Hispanic Heritage Month began on Sept. 15, the anniversary of independence for five Latin American countries—Costa Rica, El Salvador, Guatemala, Honduras and Nicaragua. In addition, Mexico declared its independence on Sept. 16 and Chile on Sept. 18.
Did you know?:
Common Words with Spanish Origins
Alligator: el lagarto, the lizard
Bronco: meaning wild or rough
Comrade: camarada, old Spanish for barracks, company or roommate
Patio: courtyard in Spanish
Renegade: renegado, deserter or outlaw
Savvy: saber, to know
Vamoose: vamos, let's go
Words with the same meaning in both languages include barracuda, mosquito, tobacco, and vanilla.
29 million is:
The number of U.S. residents age 5 and older who speak Spanish at home.
1.1 million is:
The number of Latino veterans of the U.S. armed forces.
Famous Hispanic Americans
Cesar Chavez, 1927–1993
Cesar Chavez won many rights for migrant farm workers in the western United States. Some states celebrate the date of his birth, March 31, as a holiday each year.
In 1962 Cesar founded the National Farm Workers Association, later to become the United Farm Workers, the UFW. He was joined by Dolores Huerta and the union was born. That same year, Richard Chavez designed the UFW Eagle and Cesar Chavez chose the black and red colors. Cesar Chavez told the story of the birth of the eagle. He asked Richard Chavez to design the flag, but Chavez could not make an eagle that he liked. Finally, he sketched one on a piece of brown wrapping paper. He then squared off the wing edges so that the eagle would be easier for union members to draw on the handmade red flags that would give courage to the farm workers with their own powerful symbol. Cesar Chavez made reference to the flag by stating, "A symbol is an important thing. That is why we chose an Aztec eagle. It gives pride...When people see it they know it means dignity."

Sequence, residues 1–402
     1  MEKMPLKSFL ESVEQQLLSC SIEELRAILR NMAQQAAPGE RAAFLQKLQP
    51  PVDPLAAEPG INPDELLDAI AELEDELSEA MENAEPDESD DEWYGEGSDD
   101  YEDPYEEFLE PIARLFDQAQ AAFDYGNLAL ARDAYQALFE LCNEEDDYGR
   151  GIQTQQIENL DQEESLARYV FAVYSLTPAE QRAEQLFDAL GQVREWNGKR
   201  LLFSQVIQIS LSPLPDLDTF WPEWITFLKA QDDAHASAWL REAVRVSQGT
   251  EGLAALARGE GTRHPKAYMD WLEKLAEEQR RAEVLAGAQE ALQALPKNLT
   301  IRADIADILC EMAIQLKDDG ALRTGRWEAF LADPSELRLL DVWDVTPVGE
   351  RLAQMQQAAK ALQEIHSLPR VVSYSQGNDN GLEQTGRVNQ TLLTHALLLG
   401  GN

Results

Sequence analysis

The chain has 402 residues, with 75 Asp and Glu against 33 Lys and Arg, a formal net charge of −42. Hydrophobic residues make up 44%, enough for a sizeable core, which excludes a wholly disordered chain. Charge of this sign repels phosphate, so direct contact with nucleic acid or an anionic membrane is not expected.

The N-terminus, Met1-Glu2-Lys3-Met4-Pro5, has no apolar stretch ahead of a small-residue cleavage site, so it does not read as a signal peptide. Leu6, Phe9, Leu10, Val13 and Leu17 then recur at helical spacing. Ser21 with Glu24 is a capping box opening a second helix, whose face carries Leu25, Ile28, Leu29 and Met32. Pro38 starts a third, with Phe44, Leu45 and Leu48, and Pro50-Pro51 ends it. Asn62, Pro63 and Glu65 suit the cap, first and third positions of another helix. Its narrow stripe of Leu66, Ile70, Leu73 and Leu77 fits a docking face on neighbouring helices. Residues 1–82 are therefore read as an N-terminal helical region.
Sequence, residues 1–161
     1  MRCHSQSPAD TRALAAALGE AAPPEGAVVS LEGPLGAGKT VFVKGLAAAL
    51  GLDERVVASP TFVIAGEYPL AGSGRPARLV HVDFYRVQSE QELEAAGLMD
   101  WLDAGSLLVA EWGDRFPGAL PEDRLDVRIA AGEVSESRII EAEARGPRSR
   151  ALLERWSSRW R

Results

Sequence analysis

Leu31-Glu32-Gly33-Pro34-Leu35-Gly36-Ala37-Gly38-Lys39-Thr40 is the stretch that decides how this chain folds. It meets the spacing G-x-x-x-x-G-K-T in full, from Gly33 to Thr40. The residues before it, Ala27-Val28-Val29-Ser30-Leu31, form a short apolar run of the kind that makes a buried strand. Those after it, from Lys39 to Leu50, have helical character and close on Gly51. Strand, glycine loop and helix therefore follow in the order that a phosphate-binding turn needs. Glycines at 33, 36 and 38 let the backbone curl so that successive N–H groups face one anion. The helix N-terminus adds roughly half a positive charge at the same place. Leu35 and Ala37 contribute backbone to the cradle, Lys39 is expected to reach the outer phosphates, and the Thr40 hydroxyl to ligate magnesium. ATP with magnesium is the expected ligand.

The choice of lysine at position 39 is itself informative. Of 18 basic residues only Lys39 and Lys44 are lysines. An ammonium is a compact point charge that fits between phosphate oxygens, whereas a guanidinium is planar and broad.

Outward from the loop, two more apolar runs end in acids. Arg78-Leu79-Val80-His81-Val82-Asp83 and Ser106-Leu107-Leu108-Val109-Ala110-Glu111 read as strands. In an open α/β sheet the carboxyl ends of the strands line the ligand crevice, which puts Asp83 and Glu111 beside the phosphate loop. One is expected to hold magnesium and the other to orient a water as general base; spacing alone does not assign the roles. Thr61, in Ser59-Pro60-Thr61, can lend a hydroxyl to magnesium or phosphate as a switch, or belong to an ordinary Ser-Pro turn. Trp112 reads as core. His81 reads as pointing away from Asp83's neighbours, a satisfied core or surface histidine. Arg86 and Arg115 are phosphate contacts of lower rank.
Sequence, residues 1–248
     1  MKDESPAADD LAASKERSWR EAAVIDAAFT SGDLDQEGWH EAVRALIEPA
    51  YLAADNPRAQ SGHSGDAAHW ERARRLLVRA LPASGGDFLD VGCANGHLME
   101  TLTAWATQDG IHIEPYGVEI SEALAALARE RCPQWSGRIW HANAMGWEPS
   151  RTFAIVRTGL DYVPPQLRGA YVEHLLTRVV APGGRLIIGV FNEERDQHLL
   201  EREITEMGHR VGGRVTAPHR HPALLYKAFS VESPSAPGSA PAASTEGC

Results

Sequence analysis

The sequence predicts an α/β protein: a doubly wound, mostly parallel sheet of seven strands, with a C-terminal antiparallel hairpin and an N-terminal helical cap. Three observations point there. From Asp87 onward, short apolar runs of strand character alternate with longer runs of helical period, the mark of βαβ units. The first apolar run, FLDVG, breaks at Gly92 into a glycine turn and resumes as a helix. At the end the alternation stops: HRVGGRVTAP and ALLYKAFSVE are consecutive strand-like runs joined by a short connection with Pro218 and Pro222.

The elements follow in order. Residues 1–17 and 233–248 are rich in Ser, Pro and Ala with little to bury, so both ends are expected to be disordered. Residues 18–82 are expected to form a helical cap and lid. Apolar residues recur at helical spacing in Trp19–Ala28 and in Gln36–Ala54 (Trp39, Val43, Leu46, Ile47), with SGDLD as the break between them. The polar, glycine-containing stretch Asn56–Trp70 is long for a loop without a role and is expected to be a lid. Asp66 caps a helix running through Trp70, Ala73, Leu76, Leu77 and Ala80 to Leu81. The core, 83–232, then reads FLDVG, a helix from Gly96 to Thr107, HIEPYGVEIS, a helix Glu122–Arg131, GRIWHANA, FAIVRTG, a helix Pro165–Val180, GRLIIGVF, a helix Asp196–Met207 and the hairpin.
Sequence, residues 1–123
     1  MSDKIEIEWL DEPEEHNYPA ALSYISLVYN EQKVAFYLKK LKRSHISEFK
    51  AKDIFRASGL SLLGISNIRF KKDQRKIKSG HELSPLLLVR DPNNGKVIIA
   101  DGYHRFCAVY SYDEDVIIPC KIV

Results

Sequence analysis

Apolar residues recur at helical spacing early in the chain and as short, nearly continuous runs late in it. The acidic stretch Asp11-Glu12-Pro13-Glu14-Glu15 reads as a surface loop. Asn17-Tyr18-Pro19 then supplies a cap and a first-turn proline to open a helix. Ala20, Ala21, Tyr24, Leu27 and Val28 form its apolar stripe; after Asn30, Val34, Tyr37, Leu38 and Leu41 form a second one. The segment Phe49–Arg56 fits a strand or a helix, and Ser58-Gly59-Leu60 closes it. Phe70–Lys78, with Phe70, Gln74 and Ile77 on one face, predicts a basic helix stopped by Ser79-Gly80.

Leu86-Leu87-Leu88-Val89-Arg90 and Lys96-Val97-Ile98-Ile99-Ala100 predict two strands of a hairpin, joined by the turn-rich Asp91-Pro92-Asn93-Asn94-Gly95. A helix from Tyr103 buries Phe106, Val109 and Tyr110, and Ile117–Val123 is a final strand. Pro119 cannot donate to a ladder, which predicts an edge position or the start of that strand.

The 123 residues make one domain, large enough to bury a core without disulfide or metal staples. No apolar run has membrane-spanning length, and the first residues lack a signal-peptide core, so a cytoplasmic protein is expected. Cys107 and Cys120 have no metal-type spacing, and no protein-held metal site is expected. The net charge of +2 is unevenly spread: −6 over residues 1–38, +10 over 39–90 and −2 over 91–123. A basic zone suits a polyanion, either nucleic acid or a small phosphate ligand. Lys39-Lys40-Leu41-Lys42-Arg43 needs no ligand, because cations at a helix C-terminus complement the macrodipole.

Antonia Novello, 1944–present
In 1990, President George Bush appointed Antonia Novello to be Surgeon General of the United States. She was both the first woman and the first Latin American to be appointed to this post. Although she never shrank from controversy, Dr. Novello was an unusually popular Surgeon General, winning special praise for her campaigns to address the health problems of America's young people, whom she called "a generation at risk."
After leaving office in 1993, Dr. Novello served UNICEF, the United Nations' children's health organization, as special representative for Health and Nutrition. In this capacity, she traveled the world from Peru to Nepal. Her historic career of service to public health continues. Since 1999, she has been Commissioner of Health for the state of New York.
Roberto Clemente, 1934–1972
Clemente was the first Hispanic voted into the Baseball Hall of Fame. His team, the Pittsburgh Pirates, won the World Series in 1960 and 1971. In his first major league season with the Pittsburgh Pirates in 1955, Clemente had a solid rookie season batting .255 with five homers and 47 runs batted in (RBIs). He built upon that foundation and batted .311 in his sophomore season. After that, Clemente hit above .300 for the next 12 seasons.
In his pro career, he got over 200 hits four times (1961, 1964, 1966 and 1967), hit over .350 three times (1961, 1967 and 1970), lead the league in batting four times and won 12 consecutive gold glove awards.
Ellen Ochoa, 1958–present
Ochoa was selected by NASA in January 1990. Dr. Ochoa is a veteran of three space flights. She has logged over 719 hours in space. Her most recent mission was a 10-day mission aboard the space shuttle Discovery in May of 1999.
Ellen Ochoa’s pre-doctoral work at Stanford University in electrical engineering led to the development of an optical system designed to detect imperfections in repeating patterns. This invention patented in 1987, can be used for quality control in the manufacturing of various intricate parts. Dr. Ochoa later patented an optical system which can be used to robotically manufacture goods or in robotic guiding systems. In all, Ochoa has received three patents, most recently one in 1990.
Latina and Latino Voices in Literature, for Children and Teenagers, Frances Ann Day, Heinemann, Publisher
16 Extraordinary Hispanic Americans, Nancy Lobb J. Weston WALCH, Publisher
The Hispanic 100, A Ranking of the Latino Men and Women Who Have Most Influenced American Thought and Culture, Himilce Novas, Citadel Press
Teaching Tolerance, www.tolerance.org. Free information and teaching materials are available to educators. The most recent kit is The Story of Cesar Chavez and A Great Movement for Social Justice; it includes a 39-minute film on DVD and a teacher's guide with standards-based lesson plans (www.teachingtolerance.org/lacausa)
This information offered by the Office of Equity and Diversity